The play will preview at 8 p.m. Thursday, Oct. 17, and run at 8 p.m. Oct. 18 and 19, 25 and 26, concluding with a 2:30 p.m. matinee on Sunday, Oct. 27. All performances will be in Tyler Hall's Waterman Theatre.
Bradbury published "Fahrenheit 451" – the title refers to his understanding of the ignition point of paper – in 1953, adapting it for the stage in 1979. His is a dark vision of banned and burned books in an unnamed future American city where the power in government considers creative thinking dangerous.
Costume designer Kathleen "Kitty" Macey, a professor of theater at the college, said faculty scene and lighting designer Ola Kraszpulska, sound designer and senior theater major Patrick Ostwald and film director-cinematographer Jacob Dodd of cinema and screen studies "have come up with some novel ideas" in cooperation with director Mark Cole, professor of theater.
"A lot of really cool pieces are coming together," said Macey, who added that the DeWitt Fire Department added realism to the book-burning scenes by loaning bunker jackets from its volunteer stock to the production.
Color of creativity
Video will play a particularly vivid role, especially during the final scene of the play, which summons some of history's top thinkers and imaginative writers – Aristotle, Plato, Tolkien and Wilde among them – to the stage.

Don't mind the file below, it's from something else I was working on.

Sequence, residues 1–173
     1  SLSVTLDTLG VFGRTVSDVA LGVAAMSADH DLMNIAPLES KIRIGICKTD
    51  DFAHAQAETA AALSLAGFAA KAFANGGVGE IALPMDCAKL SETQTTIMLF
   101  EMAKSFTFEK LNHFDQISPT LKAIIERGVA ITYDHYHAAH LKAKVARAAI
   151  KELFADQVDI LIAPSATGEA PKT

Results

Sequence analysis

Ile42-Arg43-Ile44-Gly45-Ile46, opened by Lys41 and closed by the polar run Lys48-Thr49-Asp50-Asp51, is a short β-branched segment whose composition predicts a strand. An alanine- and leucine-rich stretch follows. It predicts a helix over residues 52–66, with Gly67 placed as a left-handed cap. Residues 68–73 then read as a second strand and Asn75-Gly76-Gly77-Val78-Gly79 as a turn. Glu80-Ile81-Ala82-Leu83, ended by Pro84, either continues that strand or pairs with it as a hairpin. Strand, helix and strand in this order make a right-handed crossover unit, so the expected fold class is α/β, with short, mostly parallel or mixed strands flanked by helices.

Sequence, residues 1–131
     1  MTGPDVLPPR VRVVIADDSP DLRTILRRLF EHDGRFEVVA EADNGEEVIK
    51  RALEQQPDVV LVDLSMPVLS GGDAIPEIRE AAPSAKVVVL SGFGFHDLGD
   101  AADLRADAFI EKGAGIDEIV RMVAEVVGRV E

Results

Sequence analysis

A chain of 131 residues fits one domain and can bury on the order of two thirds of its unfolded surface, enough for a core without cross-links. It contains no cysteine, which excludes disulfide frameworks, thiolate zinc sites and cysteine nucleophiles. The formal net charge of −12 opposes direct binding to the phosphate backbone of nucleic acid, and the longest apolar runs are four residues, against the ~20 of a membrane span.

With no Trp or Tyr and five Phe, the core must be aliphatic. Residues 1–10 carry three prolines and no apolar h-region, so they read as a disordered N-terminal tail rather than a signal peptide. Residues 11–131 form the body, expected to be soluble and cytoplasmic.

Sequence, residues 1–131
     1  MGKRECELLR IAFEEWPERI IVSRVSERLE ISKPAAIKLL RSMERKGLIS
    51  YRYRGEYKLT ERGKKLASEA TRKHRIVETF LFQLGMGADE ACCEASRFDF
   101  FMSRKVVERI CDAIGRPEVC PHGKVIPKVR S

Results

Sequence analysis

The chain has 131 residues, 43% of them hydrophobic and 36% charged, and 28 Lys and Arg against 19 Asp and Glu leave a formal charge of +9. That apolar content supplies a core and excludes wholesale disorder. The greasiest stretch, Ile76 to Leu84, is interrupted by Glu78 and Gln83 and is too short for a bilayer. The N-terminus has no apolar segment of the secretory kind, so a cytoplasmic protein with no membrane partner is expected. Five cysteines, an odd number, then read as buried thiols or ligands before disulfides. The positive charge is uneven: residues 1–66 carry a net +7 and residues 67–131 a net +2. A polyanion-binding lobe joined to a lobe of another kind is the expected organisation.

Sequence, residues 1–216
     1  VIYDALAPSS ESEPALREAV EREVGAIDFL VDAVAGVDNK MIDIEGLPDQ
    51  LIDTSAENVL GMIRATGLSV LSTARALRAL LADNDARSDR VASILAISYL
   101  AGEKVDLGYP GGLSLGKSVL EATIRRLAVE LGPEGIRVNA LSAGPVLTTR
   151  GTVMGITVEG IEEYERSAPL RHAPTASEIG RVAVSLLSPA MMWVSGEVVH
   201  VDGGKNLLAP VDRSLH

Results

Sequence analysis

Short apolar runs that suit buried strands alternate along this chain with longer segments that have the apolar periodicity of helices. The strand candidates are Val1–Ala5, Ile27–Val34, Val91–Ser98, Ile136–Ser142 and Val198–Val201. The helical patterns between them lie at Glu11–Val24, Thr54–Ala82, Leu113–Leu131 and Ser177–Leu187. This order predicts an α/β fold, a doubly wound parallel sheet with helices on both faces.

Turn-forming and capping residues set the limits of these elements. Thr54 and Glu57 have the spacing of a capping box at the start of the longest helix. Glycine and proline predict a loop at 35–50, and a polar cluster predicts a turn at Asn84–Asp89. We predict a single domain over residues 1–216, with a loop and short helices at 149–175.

"'Fahrenheit 451' was one of my favorite books from when I first read it in high school," Dodd said. "I said (to Cole), 'I can't pass this up. What do you have in mind?'"
The charcoal-gray and brown palette of early scenes evokes a darkness that follows career firefighter Montag (Keith Gallucci), whose job calls for him to burn books and the homes of those who hide books. Montag's redemption begins when he meets 17-year-old Clarisse (Clarissa Bawarski) and her grandfather, Professor Faber (Nicholas Cocks).
Dodd said the video in the final scene – filmed with a 1950s-era Bell & Howell camera and Kodak color film – creates the warm, inviting, retro feel of intelligent discussion based on learning and literature.
"It expands the world," Dodd said. "The themes are timeless. I could relate to the fact that in this world, people are isolated. That's how the people in power want it to be. ... If they are together, people will start discussing and sharing ideas. Why not provide their escape through this new portal of film for the final scene?"
All tickets for the preview of "Fahrenheit 451" cost $5; run-of-play tickets are $12 ($7 for SUNY Oswego students) except for the $10 Super Saturday special on Oct. 19 for tickets purchased online. Tickets are available at all college box offices, online attickets.oswego.edu and by calling 312-2141.
Parking is included in the price of the ticket, and is available in the employee and commuter lots in front of and to the east of Culkin Hall, off the main college entrance on State Route 104.